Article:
Government Agencies In Depth

Sections on this page
  1. What are Government Scams Involving Impersonators?
  2. Red Flags of Government Scams
  3. Common Government Scams Involving Imposters
  4. How to Beat Imposter Government Scams 
  5. How to Recover from a Government Scam

According to the Internet Crime Complaint Center (IC3), over 12,000 people in the U.S. were victims of government impersonation scams in 2020 alone and lost more than $120 million in total. The best way to prevent yourself from falling victim to one of these government scams is by educating yourself about them.

What are Government Scams Involving Impersonators?

Government scams have the same purpose as any other scams. Scammers make up a story to steal your money, get access to your data, or steal your identity. In the case of these specific scams, the scammer will claim to be representing a government agency to add legitimacy and a level of fear to their claims.

For example, you could get a call from someone who says they work for the Social Security Administration. They could tell you that you are due extra benefits or that your Social Security number has been suspended. Then they will tell you that you must pay a fee to get those additional benefits or activate your Social Security number. After you pay, the scammer takes off with your money.

Alternatively, the scammer may tell you to click a link that takes you to a phishing website to add more details to your Social Security account and then use your details to steal your identity.

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Red Flags of Government Scams

The best way to prevent yourself from falling victim to this type of scam is to know how these government agencies interact with the public. If the "government representative" you are talking to doesn't follow the same protocol, chances are you are dealing with a scammer. Here are some of the warning signs of a scam:

  • The threat of legal action or imprisonment
  • Demanding immediate money
  • Threatening to confiscate your possessions
  • Asking for payment via cash, gift card, prepaid debit card, cryptocurrency, or wire transfer
  • Requiring a fee for a benefit you are supposedly due
  • Claiming your Social Security number (SSN) will be suspended
  • Misspellings and grammar errors in the message
  • Asking for personally identifiable information

Common Government Scams Involving Imposters

Over half of imposter scams reported to the FTC are instigated by scammers masquerading as representatives of government agencies, and there is quite a variety of these scams. Here are some of the most common ones.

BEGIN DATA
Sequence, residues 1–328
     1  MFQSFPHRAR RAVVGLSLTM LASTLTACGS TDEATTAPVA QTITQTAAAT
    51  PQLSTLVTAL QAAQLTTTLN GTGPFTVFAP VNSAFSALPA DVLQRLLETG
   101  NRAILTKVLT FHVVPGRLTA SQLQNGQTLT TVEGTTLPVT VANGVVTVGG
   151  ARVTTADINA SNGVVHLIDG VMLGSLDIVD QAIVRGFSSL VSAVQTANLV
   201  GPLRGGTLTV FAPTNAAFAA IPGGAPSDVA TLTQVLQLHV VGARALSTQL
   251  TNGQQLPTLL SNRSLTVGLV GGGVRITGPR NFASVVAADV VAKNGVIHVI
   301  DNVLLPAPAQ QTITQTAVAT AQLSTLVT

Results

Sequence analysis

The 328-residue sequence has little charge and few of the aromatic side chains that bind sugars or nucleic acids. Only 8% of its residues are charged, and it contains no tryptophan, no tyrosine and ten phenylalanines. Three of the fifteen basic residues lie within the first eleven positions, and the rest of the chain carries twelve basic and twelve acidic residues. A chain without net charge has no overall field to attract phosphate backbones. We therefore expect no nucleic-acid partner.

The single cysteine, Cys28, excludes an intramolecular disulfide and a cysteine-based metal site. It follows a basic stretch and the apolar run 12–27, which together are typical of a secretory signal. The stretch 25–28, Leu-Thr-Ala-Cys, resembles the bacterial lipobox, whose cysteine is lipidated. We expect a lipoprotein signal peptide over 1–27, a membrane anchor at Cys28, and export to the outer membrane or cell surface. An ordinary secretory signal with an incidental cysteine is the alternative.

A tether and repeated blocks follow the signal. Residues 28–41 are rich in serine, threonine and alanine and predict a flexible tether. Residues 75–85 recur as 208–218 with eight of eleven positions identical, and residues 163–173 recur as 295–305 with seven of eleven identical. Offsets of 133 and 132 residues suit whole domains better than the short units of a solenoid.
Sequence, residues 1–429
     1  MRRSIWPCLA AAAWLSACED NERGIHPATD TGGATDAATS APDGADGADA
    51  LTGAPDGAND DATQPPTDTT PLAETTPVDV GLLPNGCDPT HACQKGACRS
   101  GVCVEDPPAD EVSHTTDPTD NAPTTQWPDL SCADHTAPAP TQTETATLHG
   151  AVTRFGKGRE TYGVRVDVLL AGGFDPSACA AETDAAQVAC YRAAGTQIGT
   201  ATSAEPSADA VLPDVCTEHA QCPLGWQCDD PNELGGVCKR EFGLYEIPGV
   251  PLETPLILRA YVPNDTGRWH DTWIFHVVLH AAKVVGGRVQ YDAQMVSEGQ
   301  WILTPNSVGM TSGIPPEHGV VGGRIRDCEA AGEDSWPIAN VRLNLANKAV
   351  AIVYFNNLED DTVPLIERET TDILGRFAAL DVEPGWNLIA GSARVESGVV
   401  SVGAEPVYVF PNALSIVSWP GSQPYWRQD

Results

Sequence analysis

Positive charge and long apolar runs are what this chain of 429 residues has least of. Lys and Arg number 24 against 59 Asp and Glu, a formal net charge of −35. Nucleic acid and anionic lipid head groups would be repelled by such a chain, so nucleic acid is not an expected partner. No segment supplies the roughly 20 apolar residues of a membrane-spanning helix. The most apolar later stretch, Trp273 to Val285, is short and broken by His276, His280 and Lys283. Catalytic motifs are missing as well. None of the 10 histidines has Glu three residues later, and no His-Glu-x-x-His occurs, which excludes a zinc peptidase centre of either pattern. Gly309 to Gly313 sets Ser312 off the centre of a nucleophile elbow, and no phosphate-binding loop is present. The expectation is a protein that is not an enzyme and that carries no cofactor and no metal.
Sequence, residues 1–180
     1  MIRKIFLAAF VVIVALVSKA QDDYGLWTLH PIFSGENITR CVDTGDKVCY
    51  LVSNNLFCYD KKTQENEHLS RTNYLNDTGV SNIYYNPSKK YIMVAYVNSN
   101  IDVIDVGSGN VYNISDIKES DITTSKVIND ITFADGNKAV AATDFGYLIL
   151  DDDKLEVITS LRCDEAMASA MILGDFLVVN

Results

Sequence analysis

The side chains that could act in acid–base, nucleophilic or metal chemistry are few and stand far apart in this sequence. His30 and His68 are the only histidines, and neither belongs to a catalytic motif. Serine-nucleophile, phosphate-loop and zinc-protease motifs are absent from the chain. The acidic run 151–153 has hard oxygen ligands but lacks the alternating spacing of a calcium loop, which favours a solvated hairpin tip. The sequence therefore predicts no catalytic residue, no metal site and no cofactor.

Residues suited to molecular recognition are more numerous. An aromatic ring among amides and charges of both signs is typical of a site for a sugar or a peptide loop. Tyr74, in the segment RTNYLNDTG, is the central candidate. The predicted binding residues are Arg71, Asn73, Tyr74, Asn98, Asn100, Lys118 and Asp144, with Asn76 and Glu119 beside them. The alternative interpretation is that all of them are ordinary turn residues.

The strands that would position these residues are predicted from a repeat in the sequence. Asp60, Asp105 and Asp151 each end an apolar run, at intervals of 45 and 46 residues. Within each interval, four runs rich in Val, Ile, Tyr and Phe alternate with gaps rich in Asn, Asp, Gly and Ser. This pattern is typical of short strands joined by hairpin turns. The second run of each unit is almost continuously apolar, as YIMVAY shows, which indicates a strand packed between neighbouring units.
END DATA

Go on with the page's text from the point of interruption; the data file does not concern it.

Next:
Social Security Scams

There is a wide variety of Social Security scams. For example, you could receive Social Security scam mail demanding you call a phone number where the scammer will ask you for sensitive information. Or you could receive a fake Social Security email that leads you to a phishing website.

Example of a fake Social Security email.
Look for red flags of fake Social Security emails and don't click on any links or download any documents.

You could get a Social Security scam phone call where the scammer will ask for a payment or personally identifiable information. Or they could direct you to a Social Security phishing site to enter your Social Security number and other information they will use for identity theft.

Unemployment Scams

With this scam, you will receive a message from the scammer that states there is something wrong with your unemployment claim and ask you to click a link to correct your details. The link will go to a phishing site, and the scammer will use your information to steal your identity.

IRS Scams

In this type of scam, the scammer will send you an email, call you on the phone, or even send you a letter claiming to be from the IRS. The scammer will trick you into giving them your Social Security number or other sensitive data by having you click on a link to a phishing site or just ask you for the details over the phone. Once the scammer gets this information, they will use it to steal your identity.

DEA Impersonation Scams

The scammer will contact you and claim to be from the DEA in this scam. Then they will present you with "proof" that you ordered pills online without a prescription and demand that you pay a fine or you will be looking at felony charges.

FBI Impersonation Scams

In an FBI impersonation scam, the scammers may call you on the phone or contact you in person, claiming to be FBI agents. Once the scammer has you convinced, they will try to gain access to your house to steal items, claim that your Social Security number has been stolen to get you to transfer funds to a "special government account," and more.

How to Beat Imposter Government Scams 

Beating a government impersonation scam requires you to be vigilant. First, be on the lookout for the red flags listed above. If you notice anything sketchy in the message you received, then use the following tips to avoid falling victim to the scam:

  • Don't trust Caller ID because the number and name can be spoofed.
  • Don't click on any links in the message.
  • Don't send any money to the scammer.
  • Don't call any phone number you are directed to call.
  • Hang up on the phone call and block the phone number.
  • Don't share sensitive information with the scammer.
  • Don't enter any information other than on the official government site.
  • If you are contacted in person, demand to see credentials and check them carefully.
  • Call the government agency back on the legitimate phone number you find online.

How to Recover from a Government Scam

Depending on the type of government impersonation scam you fell victim to, some or all of the following steps will help you recover.

Report Government Scams

You want to start by reporting the scam to the authorities, including:

If the scammer contacted you via social media, you should also report it to the social media platform. If they contacted you via mail, you can report it to the U.S. Postal Inspection Service.

Contact Your Financial Institution

If you have been scammed out of money, notify the bank, credit card provider, money wire service, or provider of your gift card. Request that the charges be reversed. If you entered any banking details on a phishing website, notify them, and they will help you prevent the loss of your money.